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Mick Temple's Blog



Here’s a shock confession. Staffordshire University politics professor Mick Temple won’t be buying the diaries that lift the lid on Tony Blair's ten years in power. Not yet anyway. Here's why.

I have made a resolution. I’m not going to buy Alastair Campbell’s diaries. In a few months time, copies will be trickling (if not flooding) into the nation’s charity shops and I might pick one up then.

‘Why?’ I hear you ask (I have extraordinarily sensitive hearing) - surely a committed politics junkie like Mick Temple wants to read the innermost secrets of the Blair years, straight from the mouth of the ‘real deputy prime minister’?

Well, yes, I do want to know Campbell’s take on events, but I can’t stand the thought of Campbell receiving a penny of my money for his pension fund.

The extracts dramatised on BBC television last week were undeniably revealing - but not about the reality of politics at the centre. They revealed the essential vacuity at the centre of government.

Mandy and Campbell exchanging punches, Tony having to step in and break it up - must have been about something important. Up to a point, Lord Copper.

As with most of the diary extracts we saw, it was about presentation, style rather than substance: should Blair wear cords or a suit to make a speech?

I know that such issues matter in the age of media politics, especially in opposition, but packaging the leader and managing the media became the most important activities during Blair’s time in office.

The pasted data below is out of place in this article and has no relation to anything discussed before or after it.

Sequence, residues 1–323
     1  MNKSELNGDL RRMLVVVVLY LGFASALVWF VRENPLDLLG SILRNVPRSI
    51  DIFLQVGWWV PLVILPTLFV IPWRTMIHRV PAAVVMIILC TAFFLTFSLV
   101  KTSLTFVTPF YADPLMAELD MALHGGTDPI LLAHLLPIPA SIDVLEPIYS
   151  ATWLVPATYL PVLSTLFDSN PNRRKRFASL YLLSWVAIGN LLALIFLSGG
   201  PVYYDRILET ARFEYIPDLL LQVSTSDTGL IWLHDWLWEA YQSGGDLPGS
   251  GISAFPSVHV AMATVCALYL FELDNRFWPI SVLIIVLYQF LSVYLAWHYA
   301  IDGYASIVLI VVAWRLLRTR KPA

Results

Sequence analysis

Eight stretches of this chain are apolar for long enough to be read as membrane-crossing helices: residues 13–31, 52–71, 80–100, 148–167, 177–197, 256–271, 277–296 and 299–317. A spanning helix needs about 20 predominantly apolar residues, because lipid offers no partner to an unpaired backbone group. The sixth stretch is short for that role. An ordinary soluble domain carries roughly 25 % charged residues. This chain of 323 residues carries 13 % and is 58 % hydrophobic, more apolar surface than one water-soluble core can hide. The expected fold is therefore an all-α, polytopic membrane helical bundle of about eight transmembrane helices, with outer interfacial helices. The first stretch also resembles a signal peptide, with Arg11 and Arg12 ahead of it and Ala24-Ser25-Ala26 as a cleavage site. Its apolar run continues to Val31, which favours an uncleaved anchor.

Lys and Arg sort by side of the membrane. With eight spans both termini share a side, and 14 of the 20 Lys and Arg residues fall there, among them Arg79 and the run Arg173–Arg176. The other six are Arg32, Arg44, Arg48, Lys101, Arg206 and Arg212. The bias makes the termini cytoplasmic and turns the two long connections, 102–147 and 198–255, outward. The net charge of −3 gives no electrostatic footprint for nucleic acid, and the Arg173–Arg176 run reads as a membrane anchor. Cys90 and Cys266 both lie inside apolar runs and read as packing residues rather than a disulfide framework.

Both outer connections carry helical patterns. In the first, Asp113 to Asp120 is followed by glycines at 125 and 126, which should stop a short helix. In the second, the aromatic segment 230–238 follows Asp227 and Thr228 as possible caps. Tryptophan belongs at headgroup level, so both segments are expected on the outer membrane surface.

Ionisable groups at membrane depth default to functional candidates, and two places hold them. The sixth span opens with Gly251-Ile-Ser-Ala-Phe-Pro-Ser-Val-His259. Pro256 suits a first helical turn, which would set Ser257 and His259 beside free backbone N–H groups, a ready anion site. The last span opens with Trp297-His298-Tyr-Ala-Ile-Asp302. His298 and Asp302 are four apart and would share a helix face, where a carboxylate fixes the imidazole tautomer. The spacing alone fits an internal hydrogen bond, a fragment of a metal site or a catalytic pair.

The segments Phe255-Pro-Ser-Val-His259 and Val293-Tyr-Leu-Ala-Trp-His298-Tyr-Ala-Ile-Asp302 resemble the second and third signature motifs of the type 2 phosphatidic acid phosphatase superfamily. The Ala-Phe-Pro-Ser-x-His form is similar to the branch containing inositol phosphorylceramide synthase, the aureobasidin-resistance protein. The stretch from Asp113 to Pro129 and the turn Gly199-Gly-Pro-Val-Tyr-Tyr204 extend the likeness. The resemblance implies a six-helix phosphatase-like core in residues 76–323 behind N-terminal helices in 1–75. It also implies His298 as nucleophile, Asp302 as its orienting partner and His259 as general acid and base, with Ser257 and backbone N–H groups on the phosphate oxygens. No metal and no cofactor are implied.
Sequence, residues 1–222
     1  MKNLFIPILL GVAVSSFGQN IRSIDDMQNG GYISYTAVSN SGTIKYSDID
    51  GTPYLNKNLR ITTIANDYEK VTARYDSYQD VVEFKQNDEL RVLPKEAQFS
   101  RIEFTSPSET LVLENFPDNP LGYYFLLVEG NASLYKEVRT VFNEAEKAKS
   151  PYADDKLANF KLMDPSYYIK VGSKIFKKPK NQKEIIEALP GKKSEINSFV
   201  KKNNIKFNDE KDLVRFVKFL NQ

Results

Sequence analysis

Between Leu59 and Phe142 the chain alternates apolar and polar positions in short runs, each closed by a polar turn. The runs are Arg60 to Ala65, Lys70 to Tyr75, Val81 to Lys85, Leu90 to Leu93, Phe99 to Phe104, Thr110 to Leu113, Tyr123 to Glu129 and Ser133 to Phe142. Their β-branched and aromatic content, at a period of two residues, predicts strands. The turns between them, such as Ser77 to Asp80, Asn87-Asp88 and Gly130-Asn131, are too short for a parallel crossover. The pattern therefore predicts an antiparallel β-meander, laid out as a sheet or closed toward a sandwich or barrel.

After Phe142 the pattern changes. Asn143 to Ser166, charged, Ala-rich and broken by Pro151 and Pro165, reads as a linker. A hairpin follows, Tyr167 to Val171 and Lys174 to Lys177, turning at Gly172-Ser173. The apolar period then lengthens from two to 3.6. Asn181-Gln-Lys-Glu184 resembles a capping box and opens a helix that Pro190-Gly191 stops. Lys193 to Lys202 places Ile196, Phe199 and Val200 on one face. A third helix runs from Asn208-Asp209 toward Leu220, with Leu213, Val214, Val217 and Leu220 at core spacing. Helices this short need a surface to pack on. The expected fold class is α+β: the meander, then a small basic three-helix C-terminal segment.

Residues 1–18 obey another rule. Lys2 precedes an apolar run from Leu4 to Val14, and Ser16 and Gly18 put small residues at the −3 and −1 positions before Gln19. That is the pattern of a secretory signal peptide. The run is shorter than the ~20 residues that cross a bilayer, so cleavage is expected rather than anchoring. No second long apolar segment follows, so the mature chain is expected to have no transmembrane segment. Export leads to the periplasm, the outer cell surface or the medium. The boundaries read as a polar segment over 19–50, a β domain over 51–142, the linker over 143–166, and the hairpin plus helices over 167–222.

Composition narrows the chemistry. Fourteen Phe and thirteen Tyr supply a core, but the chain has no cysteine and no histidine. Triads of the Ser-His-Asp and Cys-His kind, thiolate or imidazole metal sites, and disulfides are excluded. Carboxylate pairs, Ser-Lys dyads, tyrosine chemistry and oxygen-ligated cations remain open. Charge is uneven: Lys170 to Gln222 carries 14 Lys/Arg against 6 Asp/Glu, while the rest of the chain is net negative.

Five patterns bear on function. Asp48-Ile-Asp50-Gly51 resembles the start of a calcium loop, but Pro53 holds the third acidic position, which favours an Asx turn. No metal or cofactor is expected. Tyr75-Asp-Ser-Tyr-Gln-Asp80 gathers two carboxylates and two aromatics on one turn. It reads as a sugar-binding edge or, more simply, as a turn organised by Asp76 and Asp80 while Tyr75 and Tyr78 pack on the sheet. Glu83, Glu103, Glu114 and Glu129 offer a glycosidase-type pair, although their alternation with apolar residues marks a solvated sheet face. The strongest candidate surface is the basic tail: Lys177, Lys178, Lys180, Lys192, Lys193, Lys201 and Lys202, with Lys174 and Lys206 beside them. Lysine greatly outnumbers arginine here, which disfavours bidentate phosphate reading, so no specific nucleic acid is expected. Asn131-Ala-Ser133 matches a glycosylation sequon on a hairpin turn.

So much potential, wasted, and Campbell (along with other culprits like Philip Gould) has to take a lot of the blame for Blair’s failure to leave a positive legacy.

Why should we trust anything Alastair Campbell says?

He ‘misled’ us on so many occasions, not least in the run-up to the Iraq War.

From the three hour-long programmes the BBC devoted to the diaries - and to a man whose campaign led to the loss of their director-general and chairman, and the suicide of a government scientist - the overwhelming feeling I came away with was despair. Politics doesn’t have to be like this.

Campbell’s account of events failed to convince - he reminded me of Jonathan Aitken strapping on ‘the simple sword of truth and the trusty shield of British fair play’. I don’t believe Campbell shed tears at David Kelly’s death - or if he did, I suspect they were tears for himself. From his own account, Campbell appears capable of bursting into tears at the drop of a sound-bite.

He was (is) a deeply flawed man who got lucky when he got the Blair gig - the job had been offered to others and been refused. Campbell’s impact on British politics and journalism has been entirely negative. I’m glad he’s gone, but his stinking legacy lingers on. Politics has never been so low in the eyes of the British public.

Good riddance, Alastair Campbell - and from now on I intend to take your email advice to BBC Newsnight - that is, to ‘fuck off and cover something important you twats.’

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